“Please take the egg out,” he went on. “I can’t do it myself, and if you don’t take it out, we shall have to leave the nest and our own eggs and build a new one.”
Little Luke took the egg out of the nest and threw it on the ground. “Why don’t Mother Mo-lo build a nest of her own?” he asked.
“Oh, she can’t. She doesn’t know enough,” answered Nick-uts. “In the old days she had a chance to learn the same as the rest of us. She wouldn’t learn then, and now she can’t. I don’t believe she ever tries.
“She sneaks around and steals her eggs into the nests of other birds, and some of them are so silly they don’t know the difference. They hatch the egg and bring up the young one as if it were their own. The young Mo-los are greedy things and they eat up everything away from the other little birds. Besides, they grow so fast that they crowd out the other young ones, so that they fall to the ground and die. I’ve known old Mother Mo-lo to fool O-loo-la the Wood Thrush that way. It’s a shame for a decent bird to be imposed upon like that.
“She tried the trick twice on me last year. Once we managed to roll the egg out, and once we built a second floor to the nest, but we lost two of our own eggs by doing it.”
“You said that Mother Mo-lo had a chance to learn to build a nest,” said little Luke. “Tell me about it.”
“Well,” said Nick-uts, “since you have been so kind as to help me, I’ll try. I haven’t heard the story for a long while, perhaps I can’t remember it very well. But I’ll do the best I can.”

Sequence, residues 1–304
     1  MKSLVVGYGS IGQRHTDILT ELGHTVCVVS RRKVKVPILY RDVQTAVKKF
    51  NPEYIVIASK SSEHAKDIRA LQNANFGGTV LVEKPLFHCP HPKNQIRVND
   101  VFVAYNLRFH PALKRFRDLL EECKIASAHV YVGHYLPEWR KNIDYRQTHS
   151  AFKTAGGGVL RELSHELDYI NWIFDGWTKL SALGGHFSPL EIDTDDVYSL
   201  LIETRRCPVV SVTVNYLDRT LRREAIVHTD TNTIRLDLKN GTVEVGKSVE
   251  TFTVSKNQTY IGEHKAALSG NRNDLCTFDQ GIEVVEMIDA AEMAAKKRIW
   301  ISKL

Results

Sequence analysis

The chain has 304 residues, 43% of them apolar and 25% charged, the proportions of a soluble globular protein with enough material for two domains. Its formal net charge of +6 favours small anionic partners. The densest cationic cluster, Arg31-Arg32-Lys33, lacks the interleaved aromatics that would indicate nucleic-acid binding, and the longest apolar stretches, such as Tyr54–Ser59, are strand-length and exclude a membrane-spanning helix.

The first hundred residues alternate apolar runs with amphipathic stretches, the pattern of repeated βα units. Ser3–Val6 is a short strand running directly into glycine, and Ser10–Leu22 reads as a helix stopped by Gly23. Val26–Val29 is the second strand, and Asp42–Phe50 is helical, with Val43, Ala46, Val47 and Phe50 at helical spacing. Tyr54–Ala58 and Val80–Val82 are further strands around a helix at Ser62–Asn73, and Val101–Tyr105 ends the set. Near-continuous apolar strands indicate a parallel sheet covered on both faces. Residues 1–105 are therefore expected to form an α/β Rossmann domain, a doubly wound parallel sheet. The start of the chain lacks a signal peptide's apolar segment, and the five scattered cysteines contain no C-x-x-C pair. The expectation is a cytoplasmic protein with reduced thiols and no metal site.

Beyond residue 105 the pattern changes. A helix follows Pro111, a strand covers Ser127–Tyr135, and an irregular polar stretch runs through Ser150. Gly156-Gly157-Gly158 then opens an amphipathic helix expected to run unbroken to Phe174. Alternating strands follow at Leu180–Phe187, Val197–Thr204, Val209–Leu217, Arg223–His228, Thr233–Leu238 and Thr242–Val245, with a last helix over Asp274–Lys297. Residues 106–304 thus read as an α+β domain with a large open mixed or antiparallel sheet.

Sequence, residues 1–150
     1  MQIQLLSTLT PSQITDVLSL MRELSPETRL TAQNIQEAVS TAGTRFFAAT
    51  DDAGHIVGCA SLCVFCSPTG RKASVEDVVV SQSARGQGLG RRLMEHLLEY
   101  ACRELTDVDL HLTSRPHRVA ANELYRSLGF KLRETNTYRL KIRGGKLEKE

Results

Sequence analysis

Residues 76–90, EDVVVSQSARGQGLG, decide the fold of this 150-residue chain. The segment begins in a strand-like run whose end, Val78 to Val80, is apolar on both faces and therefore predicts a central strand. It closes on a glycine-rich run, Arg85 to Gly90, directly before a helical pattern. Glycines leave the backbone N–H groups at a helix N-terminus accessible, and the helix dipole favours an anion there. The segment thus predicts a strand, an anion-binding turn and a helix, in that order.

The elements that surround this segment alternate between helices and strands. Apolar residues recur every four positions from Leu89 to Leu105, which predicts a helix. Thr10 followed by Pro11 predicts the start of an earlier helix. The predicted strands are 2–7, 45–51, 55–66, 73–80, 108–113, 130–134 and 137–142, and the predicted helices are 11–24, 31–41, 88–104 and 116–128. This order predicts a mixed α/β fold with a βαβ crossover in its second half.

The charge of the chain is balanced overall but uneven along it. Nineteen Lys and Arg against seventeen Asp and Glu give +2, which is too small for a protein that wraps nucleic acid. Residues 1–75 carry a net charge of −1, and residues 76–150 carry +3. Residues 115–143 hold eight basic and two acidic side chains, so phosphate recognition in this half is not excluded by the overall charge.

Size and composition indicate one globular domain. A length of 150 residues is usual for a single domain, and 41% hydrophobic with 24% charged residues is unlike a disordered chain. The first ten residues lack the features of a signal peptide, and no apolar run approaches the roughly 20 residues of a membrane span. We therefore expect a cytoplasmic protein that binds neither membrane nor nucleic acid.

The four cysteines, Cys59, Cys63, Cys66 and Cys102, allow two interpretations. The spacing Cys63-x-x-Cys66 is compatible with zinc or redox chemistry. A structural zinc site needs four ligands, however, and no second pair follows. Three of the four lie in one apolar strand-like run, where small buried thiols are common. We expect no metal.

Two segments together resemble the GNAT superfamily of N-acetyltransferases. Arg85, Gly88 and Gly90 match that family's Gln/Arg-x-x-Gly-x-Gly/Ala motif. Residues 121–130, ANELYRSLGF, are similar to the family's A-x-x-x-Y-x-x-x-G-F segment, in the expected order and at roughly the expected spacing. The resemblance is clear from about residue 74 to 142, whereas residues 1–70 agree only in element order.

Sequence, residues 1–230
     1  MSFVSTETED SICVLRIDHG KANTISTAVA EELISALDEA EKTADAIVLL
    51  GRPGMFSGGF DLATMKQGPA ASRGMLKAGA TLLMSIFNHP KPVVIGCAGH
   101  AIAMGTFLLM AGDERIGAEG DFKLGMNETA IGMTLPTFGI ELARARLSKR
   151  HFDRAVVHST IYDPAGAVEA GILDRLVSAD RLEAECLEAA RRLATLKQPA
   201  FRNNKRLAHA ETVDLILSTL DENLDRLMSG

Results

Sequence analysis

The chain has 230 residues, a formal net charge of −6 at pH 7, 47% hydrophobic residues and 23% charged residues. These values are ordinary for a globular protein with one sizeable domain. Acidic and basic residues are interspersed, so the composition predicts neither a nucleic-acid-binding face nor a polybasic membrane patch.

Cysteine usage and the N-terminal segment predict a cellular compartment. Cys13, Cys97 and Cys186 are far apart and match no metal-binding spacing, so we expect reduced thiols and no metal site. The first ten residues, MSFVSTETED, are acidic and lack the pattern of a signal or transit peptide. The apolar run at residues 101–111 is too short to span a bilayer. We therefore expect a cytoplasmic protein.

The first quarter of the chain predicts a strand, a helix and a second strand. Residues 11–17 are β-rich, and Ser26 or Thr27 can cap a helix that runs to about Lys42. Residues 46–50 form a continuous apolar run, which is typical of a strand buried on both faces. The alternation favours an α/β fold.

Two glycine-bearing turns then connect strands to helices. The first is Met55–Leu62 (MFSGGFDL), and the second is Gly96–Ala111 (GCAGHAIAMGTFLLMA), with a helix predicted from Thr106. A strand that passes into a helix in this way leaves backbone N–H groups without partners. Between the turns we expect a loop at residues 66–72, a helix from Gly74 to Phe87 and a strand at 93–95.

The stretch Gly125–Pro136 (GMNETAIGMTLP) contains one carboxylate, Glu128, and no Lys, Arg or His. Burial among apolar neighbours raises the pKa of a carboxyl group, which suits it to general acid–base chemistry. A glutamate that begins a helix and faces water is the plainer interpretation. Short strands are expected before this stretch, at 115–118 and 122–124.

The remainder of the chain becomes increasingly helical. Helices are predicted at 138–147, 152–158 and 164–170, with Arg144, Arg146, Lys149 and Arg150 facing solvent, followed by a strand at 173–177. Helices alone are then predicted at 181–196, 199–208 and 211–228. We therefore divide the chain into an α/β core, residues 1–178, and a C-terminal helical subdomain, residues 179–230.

“In the beginning,” said he, “the Master of Life made the world. When he had finished the land and the sea, the mountains and the meadows, he made the fishes, and then the four-footed kindreds. Last of all, he created the birds. But he didn’t make them all at the same time. The last ones were Father and Mother Mo-lo.
“When Mother Mo-lo began to fly about, the other birds went to her and offered to teach her how to build a nest.
“‘Come with me,’ said the oven bird; ’I’ll show you how to build a nest on the ground where no one will find it. You must just push up some of the dry leaves in the forest, and then put some grass and twigs under them. It’s very easy.’
“‘For my part,’ said the woodpecker, ’I wouldn’t build on the ground anyway. I should be afraid that a deer or a bear or some other creature would step on me. If you want a safe nest, I’ll show you how to build one. You just find a dead limb, not too dead, and bore a deep hole into it. Put a little soft, rotten wood in the bottom, and there you are!
“‘That must be a close, stuffy kind of a nest; enough to smother one,’ said the oriole scornfully. Come with me and I will teach you to hang your nest on the end of an elm branch. You just weave together some hair and grass and moss and hang it on a slender, swinging branch, where nothing can get to it. Then you’ll be safe. The wind will rock your babies to sleep for you and you’ll have plenty of fresh air.’